DeVos did not say ‘only 0.02%’ of children will die returning to school
CLAIM: Education Secretary Betsy DeVos said that “only 0.02%” of children will die when returning to school during the pandemic.
AP’S ASSESSMENT: False. DeVos did not say that students would die if they return to school. A spokeswoman with the U.S. Department of Education confirmed to the AP that the statement was falsely attributed to DeVos, who supports the reopening of schools and the return of children to classrooms.
THE FACTS: A claim that nearly 15,000 children will die if they return to school during the pandemic circulated on social media this week, falsely attributed to DeVos.
“So, Betsy Devos today said “only” .02% of kids are likely to die when they go back to school. That’s 14,740 children. Welcome back!,” a Twitter user posted on July 11.
“Betsy DeVos says that ‘only’ 0.02% of children will probably die as a result of schools re-opening. That’s 14,740 children. That’s about 40 times the number of school shooting victims from the last 10 years,” another Twitter user falsely stated on July 12. The false tweet had nearly 70,000 retweets.
The false claim was also posted on Facebook and was shared over 5,000 times.
“The Secretary has never and would never say such a thing,” Angela Morabito, press secretary for the U.S. Department of Education, confirmed to the AP in an email. “This is a total lie.”
According to data from the Centers for Disease Control and Prevention, the COVID-19 mortality rate for children under four is 0.2 percent and 0.1 for people from five to 17.
With a little more than a month before U.S. school children are scheduled to begin returning to the classroom, President Donald Trump is pushing for schools to reopen for classes despite coronavirus worries.
On July 7, Trump demanded schools reopen, arguing that some are keeping schools closed not because of the risks from the pandemic but for political reasons, the AP reported.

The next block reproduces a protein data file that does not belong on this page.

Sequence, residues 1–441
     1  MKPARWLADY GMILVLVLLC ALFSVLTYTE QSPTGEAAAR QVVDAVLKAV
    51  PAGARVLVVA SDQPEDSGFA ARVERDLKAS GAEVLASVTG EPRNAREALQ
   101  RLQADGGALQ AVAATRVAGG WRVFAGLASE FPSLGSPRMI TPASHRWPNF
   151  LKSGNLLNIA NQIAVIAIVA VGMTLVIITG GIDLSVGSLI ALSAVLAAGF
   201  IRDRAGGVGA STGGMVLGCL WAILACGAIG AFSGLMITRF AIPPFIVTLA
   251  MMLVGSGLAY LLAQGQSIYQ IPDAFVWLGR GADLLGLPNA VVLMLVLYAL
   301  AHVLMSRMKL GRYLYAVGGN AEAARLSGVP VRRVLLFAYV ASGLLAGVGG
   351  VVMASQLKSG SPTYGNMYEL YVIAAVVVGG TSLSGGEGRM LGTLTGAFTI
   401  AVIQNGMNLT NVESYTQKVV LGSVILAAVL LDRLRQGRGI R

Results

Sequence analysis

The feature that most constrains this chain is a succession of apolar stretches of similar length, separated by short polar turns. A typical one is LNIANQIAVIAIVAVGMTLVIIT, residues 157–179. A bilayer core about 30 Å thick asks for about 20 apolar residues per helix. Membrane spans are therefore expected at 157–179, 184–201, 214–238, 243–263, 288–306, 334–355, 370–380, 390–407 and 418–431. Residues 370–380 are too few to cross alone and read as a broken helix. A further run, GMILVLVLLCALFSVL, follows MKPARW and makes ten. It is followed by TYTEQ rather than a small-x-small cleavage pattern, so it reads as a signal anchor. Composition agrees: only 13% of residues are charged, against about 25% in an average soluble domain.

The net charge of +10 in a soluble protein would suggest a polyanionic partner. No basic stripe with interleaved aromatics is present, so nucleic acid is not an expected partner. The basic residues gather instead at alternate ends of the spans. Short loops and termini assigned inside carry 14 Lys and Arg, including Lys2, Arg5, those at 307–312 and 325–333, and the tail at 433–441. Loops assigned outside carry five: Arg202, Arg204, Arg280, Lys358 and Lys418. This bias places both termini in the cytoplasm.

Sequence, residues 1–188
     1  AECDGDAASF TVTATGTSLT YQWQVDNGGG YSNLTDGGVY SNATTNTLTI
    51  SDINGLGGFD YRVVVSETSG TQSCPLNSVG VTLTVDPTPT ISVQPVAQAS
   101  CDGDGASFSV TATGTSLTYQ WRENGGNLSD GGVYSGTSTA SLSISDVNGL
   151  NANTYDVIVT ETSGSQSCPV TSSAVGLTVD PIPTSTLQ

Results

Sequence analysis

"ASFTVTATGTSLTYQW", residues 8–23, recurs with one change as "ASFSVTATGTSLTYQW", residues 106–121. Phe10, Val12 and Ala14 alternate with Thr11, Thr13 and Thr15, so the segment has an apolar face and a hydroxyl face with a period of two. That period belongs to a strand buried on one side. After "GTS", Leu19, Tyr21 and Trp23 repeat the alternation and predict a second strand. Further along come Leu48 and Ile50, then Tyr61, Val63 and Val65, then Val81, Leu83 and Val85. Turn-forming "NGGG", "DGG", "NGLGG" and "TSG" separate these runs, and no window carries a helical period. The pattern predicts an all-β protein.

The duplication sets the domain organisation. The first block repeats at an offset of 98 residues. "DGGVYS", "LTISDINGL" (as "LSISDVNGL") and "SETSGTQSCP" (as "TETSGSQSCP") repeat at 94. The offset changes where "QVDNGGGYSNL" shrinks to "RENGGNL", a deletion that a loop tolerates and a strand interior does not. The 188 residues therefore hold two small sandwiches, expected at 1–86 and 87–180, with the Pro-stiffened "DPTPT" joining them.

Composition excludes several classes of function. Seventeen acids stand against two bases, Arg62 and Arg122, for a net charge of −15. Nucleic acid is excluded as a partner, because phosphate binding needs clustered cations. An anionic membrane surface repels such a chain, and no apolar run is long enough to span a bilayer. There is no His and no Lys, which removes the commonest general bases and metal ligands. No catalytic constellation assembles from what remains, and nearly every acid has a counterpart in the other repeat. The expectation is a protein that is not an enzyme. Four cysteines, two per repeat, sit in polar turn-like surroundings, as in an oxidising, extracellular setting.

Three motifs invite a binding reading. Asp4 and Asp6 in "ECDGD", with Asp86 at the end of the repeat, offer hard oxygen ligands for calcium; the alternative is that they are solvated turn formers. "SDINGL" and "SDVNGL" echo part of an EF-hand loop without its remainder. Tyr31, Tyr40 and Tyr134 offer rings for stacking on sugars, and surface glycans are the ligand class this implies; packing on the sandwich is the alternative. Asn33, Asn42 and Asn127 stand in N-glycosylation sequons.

DeVos has urged schools to provide full-time, in-person learning amid the pandemic. She called plans by some schools to hold classes only a few days a week unacceptable.
“There’s nothing in the data that suggests that kids being in school is in any way dangerous,” she told Chris Wallace on “Fox News Sunday” on July 12.
Last week, Dr. Robert Redfield, CDC director, said officials don’t have evidence that children are driving COVID-19 infections. But Dr. Deborah Birx, the White House coronavirus coordinator, also noted that kids under 10 are the least tested age group.
The CDC has drafted guidelines for students to return to the classroom. According to documents obtained by The Associated Press, the agency says there are steps for schools to safely reopen but it “cannot provide one-size-fits-all criteria for opening and closing schools or changing the way schools are run.”
Across the country, many school districts are offering parents the option to choose a form of learning, whether that be in-person or virtual. New York City said that students will only return part-time in the fall. “Decisions about how to open and run schools safely should be made based on local needs and conditions,” according to the documents.
Trump rejected CDC guidelines on reopening schools last week, calling them “very tough and expensive.” Federal health officials will not revise the guidelines despite Trump’s criticism.
This is part of The Associated Press’ ongoing effort to fact-check misinformation that is shared widely online, including work with Facebook to identify and reduce the circulation of false stories on the platform.
Here’s more information on Facebook’s fact-checking program: https://www.facebook.com/help/1952307158131536